Wednesday, June 1, 2011

Today in Labor History—June 1

Spaniards Executing Tupac Amaru in 1572
June 1, 1572 – The Battle of Coyaochaca between Hurtado de Arbieto and the rebel army of Tupac Amaru was fought in Peru. (From the Daily Bleed)

June 1, 1771 – A crowd of women was arrested while destroying the fences around Rewhay Common, England. Another group of women marched to Burton-on-Trent where they freed their comrades. (From the Daily Bleed)

June 1, 1855 – American adventurer (pirate) William Walker conquered Nicaragua, ceded it to the U.S. south, and reintroduced slavery. (From the Daily Bleed)
Captain Jack, Chief of Modoc, 1864
 June 1, 1873 – Captain Jack finally surrendered to U.S. troops. Many of his own people had joined with the U.S. forces to help capture him. Captain Jack had led the most expensive Indian War in US history. (From the Daily Bleed)
Striking Mexican Miners in Cananea Confront U.S. Soldiers
 June 1, 1906 – The bloody Cananea copper miners' strike began in Sonora, Mexico. The miners were demanding 5 pesos a day and an 8-hour workday. As many as 100 miners were killed. (From the Daily Bleed)

June 1, 1909 – W. E. DuBois founded the NAACP. (From the Daily Bleed)

June 1, 1914 – 80 militia men refused to board a train as reinforcements for the U.S. invasion of Veracruz, Mexico. (From the Daily Bleed)
Ruins of Ludlow Miners' Tent Camp (Library of Congress)
 June 1, 1914 – U.S. troops arrived in Colorado to reclaim coal mines from striking miners, after the Colorado National Guard massacred 19 in the miners’ camp. 2 women and 11 children were among those killed. (From the Daily Bleed, and here and here)

June 1, 1916 – Pacific Coast longshoremen (ILA) struck up and down the Pacific coast. (From the Daily Bleed)
Propaganda Poster depicting a foreign imperialist and local war lord torturing a Chinese patriot, May 30th movement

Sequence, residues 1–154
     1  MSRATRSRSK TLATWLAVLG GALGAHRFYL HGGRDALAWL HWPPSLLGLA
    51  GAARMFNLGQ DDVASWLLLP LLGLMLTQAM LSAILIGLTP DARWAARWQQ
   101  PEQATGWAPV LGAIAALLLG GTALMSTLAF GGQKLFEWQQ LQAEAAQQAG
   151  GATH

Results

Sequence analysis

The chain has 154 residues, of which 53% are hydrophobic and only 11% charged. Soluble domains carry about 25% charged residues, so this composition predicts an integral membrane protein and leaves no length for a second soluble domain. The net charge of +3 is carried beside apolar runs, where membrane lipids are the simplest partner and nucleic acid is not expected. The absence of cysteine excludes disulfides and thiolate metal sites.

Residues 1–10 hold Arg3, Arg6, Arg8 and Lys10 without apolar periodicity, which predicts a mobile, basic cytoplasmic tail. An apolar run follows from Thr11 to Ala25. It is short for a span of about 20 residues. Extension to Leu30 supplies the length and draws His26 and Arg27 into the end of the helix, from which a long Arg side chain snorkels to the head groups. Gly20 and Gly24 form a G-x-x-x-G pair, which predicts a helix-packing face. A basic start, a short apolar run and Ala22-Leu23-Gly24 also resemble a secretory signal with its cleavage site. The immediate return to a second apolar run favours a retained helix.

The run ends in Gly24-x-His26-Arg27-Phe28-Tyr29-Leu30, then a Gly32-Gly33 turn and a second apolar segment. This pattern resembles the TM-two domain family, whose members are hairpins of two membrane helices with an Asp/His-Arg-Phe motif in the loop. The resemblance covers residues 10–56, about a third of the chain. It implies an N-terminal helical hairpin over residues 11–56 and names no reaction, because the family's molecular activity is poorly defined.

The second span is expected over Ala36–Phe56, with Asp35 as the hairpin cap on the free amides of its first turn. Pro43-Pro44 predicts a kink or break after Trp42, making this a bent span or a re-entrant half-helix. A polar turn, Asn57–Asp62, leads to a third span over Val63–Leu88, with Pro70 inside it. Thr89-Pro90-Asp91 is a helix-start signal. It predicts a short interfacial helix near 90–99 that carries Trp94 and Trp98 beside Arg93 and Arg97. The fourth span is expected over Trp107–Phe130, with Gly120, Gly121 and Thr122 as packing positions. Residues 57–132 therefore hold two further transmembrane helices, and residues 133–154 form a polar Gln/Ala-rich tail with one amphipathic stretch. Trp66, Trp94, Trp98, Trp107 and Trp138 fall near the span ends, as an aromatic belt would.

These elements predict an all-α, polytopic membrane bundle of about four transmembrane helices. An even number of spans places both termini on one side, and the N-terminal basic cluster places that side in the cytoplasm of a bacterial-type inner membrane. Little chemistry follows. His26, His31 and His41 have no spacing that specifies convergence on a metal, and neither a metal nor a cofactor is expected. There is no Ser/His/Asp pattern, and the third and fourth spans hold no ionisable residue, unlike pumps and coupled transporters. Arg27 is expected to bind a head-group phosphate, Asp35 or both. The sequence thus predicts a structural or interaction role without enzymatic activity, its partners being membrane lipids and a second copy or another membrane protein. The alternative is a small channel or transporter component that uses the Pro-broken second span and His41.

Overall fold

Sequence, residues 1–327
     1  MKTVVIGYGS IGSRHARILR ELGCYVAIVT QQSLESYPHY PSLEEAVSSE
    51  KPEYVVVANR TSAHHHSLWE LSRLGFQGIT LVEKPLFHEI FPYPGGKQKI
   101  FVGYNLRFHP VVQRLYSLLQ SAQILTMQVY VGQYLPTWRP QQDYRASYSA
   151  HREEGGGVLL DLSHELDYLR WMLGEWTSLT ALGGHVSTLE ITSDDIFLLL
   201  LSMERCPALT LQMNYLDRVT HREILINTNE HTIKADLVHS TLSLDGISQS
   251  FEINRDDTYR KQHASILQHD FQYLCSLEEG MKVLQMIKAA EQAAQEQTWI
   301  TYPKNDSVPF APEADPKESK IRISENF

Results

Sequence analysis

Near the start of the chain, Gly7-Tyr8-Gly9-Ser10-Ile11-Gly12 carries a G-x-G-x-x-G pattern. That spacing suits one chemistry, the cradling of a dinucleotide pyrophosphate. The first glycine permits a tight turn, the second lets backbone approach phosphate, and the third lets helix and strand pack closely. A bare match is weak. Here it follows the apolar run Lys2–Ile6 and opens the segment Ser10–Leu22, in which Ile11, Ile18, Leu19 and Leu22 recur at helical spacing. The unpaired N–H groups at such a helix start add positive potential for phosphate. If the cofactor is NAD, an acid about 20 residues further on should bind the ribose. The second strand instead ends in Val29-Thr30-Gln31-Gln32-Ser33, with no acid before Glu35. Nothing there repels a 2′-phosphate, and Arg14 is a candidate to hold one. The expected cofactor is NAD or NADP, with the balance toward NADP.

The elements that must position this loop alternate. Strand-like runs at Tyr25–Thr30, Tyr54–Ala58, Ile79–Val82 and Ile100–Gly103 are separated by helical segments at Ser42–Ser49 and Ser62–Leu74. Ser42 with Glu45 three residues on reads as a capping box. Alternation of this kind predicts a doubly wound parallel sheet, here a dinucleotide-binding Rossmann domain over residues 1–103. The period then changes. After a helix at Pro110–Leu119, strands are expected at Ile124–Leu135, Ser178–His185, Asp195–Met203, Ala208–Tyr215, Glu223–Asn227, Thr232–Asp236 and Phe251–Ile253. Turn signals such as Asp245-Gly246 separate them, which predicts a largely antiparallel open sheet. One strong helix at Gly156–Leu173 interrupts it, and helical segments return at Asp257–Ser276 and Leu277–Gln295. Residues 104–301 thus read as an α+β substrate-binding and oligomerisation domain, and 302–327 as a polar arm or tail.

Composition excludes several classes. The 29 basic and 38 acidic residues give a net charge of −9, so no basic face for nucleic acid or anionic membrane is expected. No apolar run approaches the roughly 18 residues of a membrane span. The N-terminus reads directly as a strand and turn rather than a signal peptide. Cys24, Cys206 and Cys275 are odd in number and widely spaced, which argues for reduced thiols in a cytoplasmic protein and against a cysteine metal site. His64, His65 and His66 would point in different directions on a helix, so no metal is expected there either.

June 1, 1925 – The Shanghai General Strike began, as part of an ongoing labor insurgency occurring throughout China's industrial cities. (From the Daily Bleed)

June 1, 1929 --A meeting of the Korean Anarchist Federation (KAF) was held in Peking in which it was decided to divert all resources outside Korea itself to Manchuria. Over 2 million Koreans were living in Manchuria at the time, and the KAF was a significant force. Their significance was short-lived, however, as the Japanese attacked from the south, while Stalinists attacked from the north. By 1931, many of the anarchist leaders were dead and the region was devastated. (From the Daily Bleed and The Korean Anarchist Movement)

June 1, 1942 - The Polish Socialist newspaper, Liberty Brigade, made the first public report that that the Nazis were gassing Jews by the thousands. In the article, they published an interview with a young Jew, Emanuel Ringelblum, who had escaped the Chelmno death camp. (From Workday Minnesota)

June 1, 1963 – The U.S. Supreme Court banned formal prayers and religious exercises from public schools. (From the Daily Bleed)

June 1, 1968 – Libertarian Socialist Helen Keller died in Westport, Connecticut. (From the Daily Bleed)

June 1, 1981 – Two Filipino longshore labor organizers, Domingo & Viernes, were assassinated in Seattle, Washington on orders of U.S.-backed dictator Ferdinand Marcos. (From the Daily Bleed)

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